It added: “If publishers want their content to be removed from Google News specifically all they need to do it tell us.”

    Google said its news listings service and web searches were a “tremendous source of promotion” for news organisations, sending them “about 100,000 clicks every minute”.]

  12. Abbott referring to the Howard government emissions trading scheme announced five months out from the 2007 election:

    [TONY ABBOTT: We embraced the policy then for good reasons which means that it’s not a crazy policy but that doesn’t mean that we can’t modify the policy or change it or even abandon it should that be our current judgement.]

    Devastating. This man stands for nothing.

  13. Cuppa@161:

    [But if you were one of the, say, 10 per cent that are ardent denialists, it would have been encouraging and morale-boosting. Opponents of the government might be induced to fall in strongly behind the Nationals, with Joyce as the Pied Piper.]

    Ardent denialists are not able to be reached by logic, so discussion with them is futile.

    Tell me again, what were the animals the Pied Piper was hired to remove from the town of Hamlin, and who followed him to the river and drowned?

  14. [Ardent denialists are not able to be reached by logic, so discussion with them is futile.]

    We agree again Don. Perhaps it is just me but an aweful lot of denialists are old men, very set in their ways. I wonder if they are still capable of changing thier opinions on most things? Ironically, they remind me a lot of ardent communists I saw at uni in my youth.

  15. [One word sums up 95% of the posts on this thread…hubris…enjoy being ahead yes but to be bantering on about how the Liberals are going to lose is nothing short of outright hubris you havent won yet and won have until Howard concedes on election night unless that happens i wouldnt be declaring the election over the only thing it will do is make a possible Coalition victory all the more sweeter because of your hubris.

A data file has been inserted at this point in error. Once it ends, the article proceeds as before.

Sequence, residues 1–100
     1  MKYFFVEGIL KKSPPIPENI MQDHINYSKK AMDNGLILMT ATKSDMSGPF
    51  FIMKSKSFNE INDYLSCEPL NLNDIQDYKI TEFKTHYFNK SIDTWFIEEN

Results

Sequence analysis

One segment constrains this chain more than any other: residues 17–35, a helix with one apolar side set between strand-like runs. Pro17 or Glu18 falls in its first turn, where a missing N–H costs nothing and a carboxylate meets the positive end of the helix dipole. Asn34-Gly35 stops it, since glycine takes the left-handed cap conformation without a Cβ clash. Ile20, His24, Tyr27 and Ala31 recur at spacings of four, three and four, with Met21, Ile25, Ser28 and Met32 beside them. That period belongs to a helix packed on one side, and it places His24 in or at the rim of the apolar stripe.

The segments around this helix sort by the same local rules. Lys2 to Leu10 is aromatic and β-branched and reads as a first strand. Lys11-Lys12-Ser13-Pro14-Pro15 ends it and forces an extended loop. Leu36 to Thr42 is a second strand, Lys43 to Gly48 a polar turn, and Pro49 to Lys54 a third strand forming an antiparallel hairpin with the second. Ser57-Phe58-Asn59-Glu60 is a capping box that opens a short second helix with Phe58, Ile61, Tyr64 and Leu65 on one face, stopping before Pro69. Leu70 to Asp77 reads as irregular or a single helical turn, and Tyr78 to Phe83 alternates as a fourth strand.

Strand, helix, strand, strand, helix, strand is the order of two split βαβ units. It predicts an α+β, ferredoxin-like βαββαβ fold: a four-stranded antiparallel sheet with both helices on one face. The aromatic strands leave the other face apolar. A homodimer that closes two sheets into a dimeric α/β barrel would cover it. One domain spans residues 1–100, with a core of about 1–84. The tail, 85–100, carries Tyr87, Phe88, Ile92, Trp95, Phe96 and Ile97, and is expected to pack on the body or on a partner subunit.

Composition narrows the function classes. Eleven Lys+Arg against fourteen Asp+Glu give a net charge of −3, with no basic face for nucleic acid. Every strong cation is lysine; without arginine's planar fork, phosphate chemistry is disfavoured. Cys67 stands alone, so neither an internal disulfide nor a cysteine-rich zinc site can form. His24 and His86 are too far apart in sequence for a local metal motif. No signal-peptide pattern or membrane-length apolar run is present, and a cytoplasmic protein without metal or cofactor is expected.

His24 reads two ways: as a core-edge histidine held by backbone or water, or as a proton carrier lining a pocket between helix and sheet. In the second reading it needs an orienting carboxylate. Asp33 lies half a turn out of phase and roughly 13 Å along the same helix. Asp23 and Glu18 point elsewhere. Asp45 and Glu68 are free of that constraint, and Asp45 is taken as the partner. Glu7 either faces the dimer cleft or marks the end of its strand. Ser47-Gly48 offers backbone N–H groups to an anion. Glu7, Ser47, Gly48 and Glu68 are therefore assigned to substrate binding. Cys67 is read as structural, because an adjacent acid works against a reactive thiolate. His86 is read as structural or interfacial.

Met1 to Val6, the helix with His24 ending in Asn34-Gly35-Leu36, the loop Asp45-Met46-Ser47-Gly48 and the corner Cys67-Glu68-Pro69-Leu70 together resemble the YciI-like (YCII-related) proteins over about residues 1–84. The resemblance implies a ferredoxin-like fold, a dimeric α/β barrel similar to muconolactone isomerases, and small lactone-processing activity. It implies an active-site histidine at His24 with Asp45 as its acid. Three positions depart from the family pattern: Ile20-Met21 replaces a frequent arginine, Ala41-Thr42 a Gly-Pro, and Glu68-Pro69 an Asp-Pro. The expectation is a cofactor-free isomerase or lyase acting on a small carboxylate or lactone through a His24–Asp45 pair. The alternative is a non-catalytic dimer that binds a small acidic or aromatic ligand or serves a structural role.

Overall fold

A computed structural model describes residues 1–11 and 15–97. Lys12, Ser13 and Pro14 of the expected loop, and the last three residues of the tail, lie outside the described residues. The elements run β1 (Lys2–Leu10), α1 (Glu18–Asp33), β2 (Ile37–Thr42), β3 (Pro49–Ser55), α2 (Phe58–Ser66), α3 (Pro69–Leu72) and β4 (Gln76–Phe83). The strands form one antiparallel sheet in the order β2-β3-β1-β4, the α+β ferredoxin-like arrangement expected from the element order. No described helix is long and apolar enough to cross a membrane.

Need i remind you all that based on the latest newspoll the Liberal vote is 4% less and the Nat vote is 3% than in 2004 i am assuming the Nat vote will be around at least 5% on election day so that brings the Coalition’s vote to 41% and all the Liberal Party has to do is win back 4% of the vote to bring it back to 45% and then lets not forget about the 8% voting for Others and the 10% who were either uncommitted or refused and Labor’s inflated primary…to think Labor has it in the bag is very misguided because Rudd is going to be hurt by some cracker Coalition ads they worked a treat against Latham and they’ll stand a good chance of doing the same against Rudd…]

    Good times
    guess who?

  16. [sending them “about 100,000 clicks every minute”.]

    I heard somewhere they get about 2 cents for every click on!

    That’s $2,000 per minute;
    $60,000 per hour;
    $1,440,000 per day;
    $10,080,000 per week;
    $524,160,000 per year!

    Not bad lolly even if it is shared around. With the number of news outlets Rupert has, he is doing all right.

    Careful, Rupert, don’t bite the hand that feeds you!

  17. Maybe some people are entitled to be sceptical about global warming. I wonder how many people (mainly women I’d say) used their electric blankets in October?